This invention relates to a dual bed cathodic protection system with automatic controls and method of use utilizing an impressed cathodic protection anode assembly powered through a solar power supply in conjunction with a sacrificial cathodic protection anode assembly which is known in the prior art to use a corrosion element to emit the necessary electrical current to protect a structure assembly from the effects of corrosion. The dual bed cathodic protection system with automatic controls includes 1) a solar power supply to receive sun power from a solar panel; 2) a ground bed assembly which may either be a deep well or surface type; 3) a system automatic control assembly operable to control selected use of either an impressed or sacrificial protection anode assembly; and 4) a protected structure buried within the ground to receive an electrical current to prevent corrosion thereto.

U.S. Pat. No. 5,164,654 Inventor: Leo Bertram, et al. Issued: Nov. 17, 1992

A charging device for accumulator-operated small electrical appliances, for example, electric dry-shavers, which are energized by rechargeable accumulators which can be charged by means of a charging device including solar cells. The charging device includes an energy buffer which is connected parallel to the solar cells for buffering the solar energy when the charge capacity of the solar cells is below the charge current threshold of the accumulator. The buffered solar energy is supplied to the accumulator when a discharge current of the energy buffer exceeds the charge current threshold of the accumulator and flows until the discharge current falls below the charge current threshold.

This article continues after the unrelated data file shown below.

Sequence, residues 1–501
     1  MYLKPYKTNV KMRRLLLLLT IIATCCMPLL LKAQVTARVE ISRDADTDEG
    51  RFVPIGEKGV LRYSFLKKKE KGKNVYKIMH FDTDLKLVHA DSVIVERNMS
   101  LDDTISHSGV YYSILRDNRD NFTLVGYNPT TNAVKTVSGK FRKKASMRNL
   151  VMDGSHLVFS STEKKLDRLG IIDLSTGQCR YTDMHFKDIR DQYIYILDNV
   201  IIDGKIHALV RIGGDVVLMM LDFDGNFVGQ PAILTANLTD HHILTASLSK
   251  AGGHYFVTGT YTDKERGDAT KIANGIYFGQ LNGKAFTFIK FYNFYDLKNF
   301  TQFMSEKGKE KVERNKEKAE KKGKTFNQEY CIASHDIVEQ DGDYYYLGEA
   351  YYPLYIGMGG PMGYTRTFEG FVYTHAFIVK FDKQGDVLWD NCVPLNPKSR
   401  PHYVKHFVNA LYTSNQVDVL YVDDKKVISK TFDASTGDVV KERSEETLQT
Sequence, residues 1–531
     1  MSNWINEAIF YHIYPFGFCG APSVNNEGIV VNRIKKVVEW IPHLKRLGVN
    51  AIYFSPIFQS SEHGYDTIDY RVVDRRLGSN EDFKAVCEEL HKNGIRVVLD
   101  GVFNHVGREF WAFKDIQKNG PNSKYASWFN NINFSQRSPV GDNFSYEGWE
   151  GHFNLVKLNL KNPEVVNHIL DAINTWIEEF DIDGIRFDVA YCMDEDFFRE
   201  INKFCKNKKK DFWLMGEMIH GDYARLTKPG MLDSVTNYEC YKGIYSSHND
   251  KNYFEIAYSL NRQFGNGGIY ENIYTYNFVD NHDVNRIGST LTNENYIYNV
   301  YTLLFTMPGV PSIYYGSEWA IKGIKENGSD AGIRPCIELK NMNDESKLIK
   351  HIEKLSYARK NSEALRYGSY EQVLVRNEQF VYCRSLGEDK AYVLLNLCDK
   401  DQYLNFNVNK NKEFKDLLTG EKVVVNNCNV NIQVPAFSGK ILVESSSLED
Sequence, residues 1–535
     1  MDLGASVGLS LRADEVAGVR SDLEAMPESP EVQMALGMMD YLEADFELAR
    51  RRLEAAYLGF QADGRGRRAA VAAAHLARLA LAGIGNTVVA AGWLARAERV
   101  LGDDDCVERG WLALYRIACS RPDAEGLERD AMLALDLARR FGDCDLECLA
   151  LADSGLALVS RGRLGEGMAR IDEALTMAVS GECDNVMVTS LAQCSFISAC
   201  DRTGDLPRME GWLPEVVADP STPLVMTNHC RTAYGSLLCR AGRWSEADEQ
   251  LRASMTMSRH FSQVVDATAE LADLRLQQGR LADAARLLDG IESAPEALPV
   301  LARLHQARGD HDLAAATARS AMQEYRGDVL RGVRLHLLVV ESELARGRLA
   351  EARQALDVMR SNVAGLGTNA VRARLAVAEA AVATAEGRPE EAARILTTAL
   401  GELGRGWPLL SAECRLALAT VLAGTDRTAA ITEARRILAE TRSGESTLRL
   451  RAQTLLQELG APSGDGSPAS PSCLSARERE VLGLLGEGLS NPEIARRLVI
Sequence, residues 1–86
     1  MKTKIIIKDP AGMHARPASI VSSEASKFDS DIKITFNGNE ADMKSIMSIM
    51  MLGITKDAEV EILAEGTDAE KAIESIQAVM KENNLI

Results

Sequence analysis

U.S. Pat. No. 5,221,891 Inventor: Rudolph W. Janda, et al. Issued: Jun. 22, 1993